Happy Friday everyone!! This was a big week. First, definitions for each of The Seven scopes are now officially posted. Let the snippets begin! The first arrives on Monday...get excited. Second, we have officially made it through tax season, or should I say refund season?! If anyone is feeling extra generous with their extra cash, please feel free to make a stop by Harry Winston's and buy me a little something, something...
I have always worked best under pressure. What MOTS calls procrastination, I call a method. In high school we were given three weeks to read A Tale of Two Cities by Charles Dickens. (Fun Fact: he was paid to write by the word, that's why his works are so long.) Guess who still had the entire book to read the night before the test...yes, me. Pacing my room listening to Claire de Lune while I read every single page is one of the most vivid memories I have of high school. I could have probably just used Spark Notes at that point, but I refused. I don't cut corners when it comes to my work. There might be madness to this method, but on more than one occasion, I have formed a rare gem.
As I wandered through the Museum of Natural History's geology exhibit last Saturday, it dawned on me I had never actually looked into the specifics of how diamonds are formed. So, right there in the Harry Winston Gallery I opened google and found my answer:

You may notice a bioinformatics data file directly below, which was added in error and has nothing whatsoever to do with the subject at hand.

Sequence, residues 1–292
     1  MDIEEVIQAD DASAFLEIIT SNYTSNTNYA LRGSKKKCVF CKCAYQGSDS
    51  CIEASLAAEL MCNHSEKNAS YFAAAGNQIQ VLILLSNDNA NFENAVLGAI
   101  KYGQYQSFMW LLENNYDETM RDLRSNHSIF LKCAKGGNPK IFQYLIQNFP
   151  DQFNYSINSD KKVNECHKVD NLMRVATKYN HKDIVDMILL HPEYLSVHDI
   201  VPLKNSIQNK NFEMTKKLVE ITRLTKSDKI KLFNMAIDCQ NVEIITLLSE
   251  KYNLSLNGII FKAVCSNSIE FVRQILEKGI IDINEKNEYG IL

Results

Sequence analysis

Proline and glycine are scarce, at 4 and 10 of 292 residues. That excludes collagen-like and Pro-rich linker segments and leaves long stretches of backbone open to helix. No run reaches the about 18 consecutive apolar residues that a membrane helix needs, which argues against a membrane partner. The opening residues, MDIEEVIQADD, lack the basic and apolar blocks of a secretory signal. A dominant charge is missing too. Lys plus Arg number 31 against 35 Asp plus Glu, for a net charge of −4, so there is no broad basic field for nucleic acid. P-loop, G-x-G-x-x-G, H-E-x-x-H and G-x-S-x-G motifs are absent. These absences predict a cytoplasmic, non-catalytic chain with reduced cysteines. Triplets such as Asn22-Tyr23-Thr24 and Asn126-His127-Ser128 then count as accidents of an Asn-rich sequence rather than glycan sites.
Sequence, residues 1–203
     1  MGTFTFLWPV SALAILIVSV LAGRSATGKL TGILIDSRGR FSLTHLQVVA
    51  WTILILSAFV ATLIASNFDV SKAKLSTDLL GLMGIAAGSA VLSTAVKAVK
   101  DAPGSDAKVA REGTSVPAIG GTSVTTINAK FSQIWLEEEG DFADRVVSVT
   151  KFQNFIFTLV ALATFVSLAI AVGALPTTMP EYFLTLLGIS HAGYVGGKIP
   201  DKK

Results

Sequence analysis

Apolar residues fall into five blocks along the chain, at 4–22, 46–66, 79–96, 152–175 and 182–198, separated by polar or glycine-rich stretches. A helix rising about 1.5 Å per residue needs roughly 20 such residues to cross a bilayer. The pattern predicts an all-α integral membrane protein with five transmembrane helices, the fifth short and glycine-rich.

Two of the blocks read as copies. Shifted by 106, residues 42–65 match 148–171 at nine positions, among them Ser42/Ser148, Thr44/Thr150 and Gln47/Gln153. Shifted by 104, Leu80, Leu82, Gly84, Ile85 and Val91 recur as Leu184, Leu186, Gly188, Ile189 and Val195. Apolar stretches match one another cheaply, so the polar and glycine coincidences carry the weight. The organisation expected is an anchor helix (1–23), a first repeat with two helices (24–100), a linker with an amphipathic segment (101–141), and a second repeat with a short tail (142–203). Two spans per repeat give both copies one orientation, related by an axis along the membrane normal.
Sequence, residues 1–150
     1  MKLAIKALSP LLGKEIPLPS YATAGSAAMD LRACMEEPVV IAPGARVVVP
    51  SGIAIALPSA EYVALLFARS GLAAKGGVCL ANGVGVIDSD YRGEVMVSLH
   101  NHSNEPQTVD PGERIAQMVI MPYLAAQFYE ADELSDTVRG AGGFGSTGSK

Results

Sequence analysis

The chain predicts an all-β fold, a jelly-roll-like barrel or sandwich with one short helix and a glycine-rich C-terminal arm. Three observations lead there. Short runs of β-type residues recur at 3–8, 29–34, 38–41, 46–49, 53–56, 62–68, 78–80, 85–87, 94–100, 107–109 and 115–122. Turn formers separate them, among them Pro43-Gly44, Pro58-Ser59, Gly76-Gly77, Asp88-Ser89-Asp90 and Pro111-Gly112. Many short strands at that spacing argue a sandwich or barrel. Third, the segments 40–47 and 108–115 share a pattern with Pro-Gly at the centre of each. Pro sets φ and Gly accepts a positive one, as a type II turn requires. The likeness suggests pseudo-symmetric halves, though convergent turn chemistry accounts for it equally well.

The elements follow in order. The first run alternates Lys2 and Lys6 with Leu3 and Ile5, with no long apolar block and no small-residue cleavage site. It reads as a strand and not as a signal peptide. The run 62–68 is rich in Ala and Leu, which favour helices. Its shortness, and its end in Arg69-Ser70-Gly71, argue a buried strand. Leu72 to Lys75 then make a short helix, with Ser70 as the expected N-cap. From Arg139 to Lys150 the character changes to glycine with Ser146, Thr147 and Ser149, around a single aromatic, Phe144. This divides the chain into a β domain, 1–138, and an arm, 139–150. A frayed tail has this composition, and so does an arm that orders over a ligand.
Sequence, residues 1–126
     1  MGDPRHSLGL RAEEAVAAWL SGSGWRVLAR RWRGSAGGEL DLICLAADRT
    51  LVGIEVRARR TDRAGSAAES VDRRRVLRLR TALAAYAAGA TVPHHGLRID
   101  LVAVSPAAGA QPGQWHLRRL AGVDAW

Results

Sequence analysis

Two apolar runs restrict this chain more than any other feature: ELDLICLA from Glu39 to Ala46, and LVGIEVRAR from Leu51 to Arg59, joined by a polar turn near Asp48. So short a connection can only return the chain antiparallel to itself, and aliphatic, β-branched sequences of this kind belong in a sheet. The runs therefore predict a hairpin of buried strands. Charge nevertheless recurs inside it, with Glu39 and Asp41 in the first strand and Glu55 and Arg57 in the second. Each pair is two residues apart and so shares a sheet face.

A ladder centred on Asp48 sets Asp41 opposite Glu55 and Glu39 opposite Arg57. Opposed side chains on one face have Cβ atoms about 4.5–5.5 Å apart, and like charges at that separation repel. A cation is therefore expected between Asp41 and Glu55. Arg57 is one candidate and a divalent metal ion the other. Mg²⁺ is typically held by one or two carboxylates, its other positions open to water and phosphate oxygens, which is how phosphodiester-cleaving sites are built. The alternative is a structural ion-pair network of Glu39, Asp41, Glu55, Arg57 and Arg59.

googled: how are diamonds formed
General Patton wasn't misleading us when he said his famous quote, "Pressure makes diamonds." However, there is a tad-bit more to the story. The high temperatures (at least 2000 degrees Fahrenheit) and pressures needed to create a girl's best friend, are found only in the Earth's mantle. These very specific conditions exist 90-118 miles below our feet, and it takes anywhere from one billion to 3.3 billion years to cultivate a single stone. To say that we can dig them faster than they are grown, is the understatement of the century.
Another interesting fact, is that coal rarely plays a part in gem formation. It's actually igneous rocks (oh hey, 7th grade science - these form from the solidification of magma) that are the carbon source for diamonds. Over time, the diamonds are delivered to the "surface" by volcanic pipes. Although gems have been found on every continent, they are unevenly distributed. The chemical ingredients and physical conditions needed to create diamonds are found in only a few places on Earth.
Once they make it out of the Earth and into our hands, the Four C's are how we distinguish the Hope Diamond from those that are just "meh.". Cut. Clarity. Color. And Carats. (I might not like vegetables, but I do love Carats.) Stones can come in multiple colors including red (which is the rarest), blue, and green. These colors are not to be confused with rubies, sapphires, and emeralds. Those are specific gem stones. For colored diamonds, a specific element - like Boron - is introduced to the diamond during formation leading to a color change. In the case of Boron, the diamond takes on a blue. Yellow diamonds, or canary diamonds, are the most abundant.
Gentlemen, you now have some fun facts to impress the ladies. But please remember timing is key. We don't want anyone misled into thinking they are receiving a small blue box from Tiffany's. Ladies, the next time something sparkly catches your eye, don't forget to thank Mother Earth for taking her sweet time. And for the record, I got a 92% on that literature test. Guess that makes two of us who work well under pressure.
Happy Weekending!! (Click the pictures to read more...)